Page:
A spokesman for the Free Syria Army hinted Sunday that the rebels would be willing to allow International Atomic Energy Agency (IAEA) inspectors into the Al-Kibar nuclear facility, which they seized last week.
The Al-Kibar facility, according to foreign media reports, was nearly leveled by a 2007 air strike, presumably launched by Israel.
"We're willing to cooperate with the IAEA if our conditions are met," the FSA said in a statement.
The London-based Arab newspaper Al-Sharq Al-Awsat further quoted a commander of one of the rebel brigades as saying that the rebels would be willing to lend the IAEA their cooperation in investigating the site, "As long as the revolution is protected."
He added that the FSA has set up a special security parameter around Al-Kibar, to protect it.
The IAEA has never been allowed to visit the suspected nuclear site.
The spokesman said that an FSA officer has been made the liaison to the UN agency and will present it with the rebels' demands, which he said were "Primarily political, technical and logistical, the kind that mean to serve the revolution's intelligence's needs."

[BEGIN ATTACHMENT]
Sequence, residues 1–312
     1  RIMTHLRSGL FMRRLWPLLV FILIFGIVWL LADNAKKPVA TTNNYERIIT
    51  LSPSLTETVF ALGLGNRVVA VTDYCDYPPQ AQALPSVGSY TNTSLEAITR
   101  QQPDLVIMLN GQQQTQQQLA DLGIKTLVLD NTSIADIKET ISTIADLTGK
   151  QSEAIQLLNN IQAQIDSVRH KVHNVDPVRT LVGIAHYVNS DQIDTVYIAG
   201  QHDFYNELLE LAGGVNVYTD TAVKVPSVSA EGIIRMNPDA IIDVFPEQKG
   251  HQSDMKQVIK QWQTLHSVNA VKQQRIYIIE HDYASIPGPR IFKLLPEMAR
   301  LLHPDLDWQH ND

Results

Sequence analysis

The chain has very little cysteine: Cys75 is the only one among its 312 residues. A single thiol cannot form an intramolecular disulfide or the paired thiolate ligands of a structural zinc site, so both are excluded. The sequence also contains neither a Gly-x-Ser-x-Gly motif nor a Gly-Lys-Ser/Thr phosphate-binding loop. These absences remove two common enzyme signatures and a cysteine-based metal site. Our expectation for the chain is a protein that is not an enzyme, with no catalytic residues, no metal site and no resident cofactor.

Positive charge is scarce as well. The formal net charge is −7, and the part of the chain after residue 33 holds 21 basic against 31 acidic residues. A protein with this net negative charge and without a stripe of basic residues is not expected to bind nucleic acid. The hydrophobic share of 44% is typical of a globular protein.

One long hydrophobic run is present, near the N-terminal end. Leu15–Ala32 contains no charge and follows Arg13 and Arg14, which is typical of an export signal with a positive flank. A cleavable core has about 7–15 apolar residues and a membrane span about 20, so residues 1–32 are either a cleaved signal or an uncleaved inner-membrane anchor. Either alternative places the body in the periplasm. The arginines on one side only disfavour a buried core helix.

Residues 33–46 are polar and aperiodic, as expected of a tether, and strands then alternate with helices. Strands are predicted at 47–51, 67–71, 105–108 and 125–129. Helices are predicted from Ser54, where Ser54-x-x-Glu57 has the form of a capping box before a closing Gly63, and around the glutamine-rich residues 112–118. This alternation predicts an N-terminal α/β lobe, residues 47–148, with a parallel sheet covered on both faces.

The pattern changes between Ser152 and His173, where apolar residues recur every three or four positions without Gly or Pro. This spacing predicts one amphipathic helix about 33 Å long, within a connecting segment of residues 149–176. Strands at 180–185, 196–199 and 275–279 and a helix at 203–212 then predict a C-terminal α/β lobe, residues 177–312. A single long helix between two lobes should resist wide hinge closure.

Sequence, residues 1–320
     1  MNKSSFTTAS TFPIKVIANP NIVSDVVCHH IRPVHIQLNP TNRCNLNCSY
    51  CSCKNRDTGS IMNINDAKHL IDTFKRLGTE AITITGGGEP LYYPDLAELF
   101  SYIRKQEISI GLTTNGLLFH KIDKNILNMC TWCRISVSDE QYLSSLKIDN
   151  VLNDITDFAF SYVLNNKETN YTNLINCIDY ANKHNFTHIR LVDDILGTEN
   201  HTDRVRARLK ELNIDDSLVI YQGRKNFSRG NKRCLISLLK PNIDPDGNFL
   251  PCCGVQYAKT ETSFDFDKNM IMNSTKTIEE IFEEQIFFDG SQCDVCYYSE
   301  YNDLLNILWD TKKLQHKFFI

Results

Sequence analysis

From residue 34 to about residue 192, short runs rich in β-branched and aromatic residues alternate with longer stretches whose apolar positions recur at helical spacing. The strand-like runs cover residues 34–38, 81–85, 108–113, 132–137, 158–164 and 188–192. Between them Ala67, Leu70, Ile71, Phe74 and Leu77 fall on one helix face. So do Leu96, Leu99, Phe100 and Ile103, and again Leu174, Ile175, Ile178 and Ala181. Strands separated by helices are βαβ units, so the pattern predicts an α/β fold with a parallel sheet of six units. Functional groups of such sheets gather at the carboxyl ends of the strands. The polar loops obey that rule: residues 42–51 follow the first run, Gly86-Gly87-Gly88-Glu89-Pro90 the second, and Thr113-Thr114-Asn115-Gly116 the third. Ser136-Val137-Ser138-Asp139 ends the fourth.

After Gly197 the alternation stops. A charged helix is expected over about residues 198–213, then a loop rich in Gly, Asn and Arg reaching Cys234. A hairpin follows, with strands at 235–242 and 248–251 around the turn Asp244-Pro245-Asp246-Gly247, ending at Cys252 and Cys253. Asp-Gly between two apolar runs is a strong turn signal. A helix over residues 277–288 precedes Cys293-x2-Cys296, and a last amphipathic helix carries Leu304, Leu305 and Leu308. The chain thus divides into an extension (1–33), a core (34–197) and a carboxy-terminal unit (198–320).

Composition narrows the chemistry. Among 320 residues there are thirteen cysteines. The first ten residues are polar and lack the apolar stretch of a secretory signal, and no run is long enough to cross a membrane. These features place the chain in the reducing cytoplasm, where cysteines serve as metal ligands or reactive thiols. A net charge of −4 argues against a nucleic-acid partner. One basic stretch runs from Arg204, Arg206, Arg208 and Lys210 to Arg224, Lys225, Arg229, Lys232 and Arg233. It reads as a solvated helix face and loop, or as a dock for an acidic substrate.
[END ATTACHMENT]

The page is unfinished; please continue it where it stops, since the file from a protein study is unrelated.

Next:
He further confirmed earlier reports of the facility's takeover, saying that the rebels found it empty. He refused to tell the newspaper whether anything was found on the premises to suggest that the facility was used for nuclear work.
"Those details will be given only to the IAEA," he said.
Meanwhile, the British Telegraph reported Sunday that Washington and London have begun crafting plans to take over or destroy the Syrian President Bashar Assad's chemical weapons arsenals, in the event that the volatile situation in the war-torn country deteriorate further.
According to the report, officials in both armies have been holding talks on ways to prevent Syria's chemical and biological weapons from falling into the hands of terrorist groups, primarily Hezbollah.
Assad is believed to have to the largest nonconventional weapons stockpile in the world.
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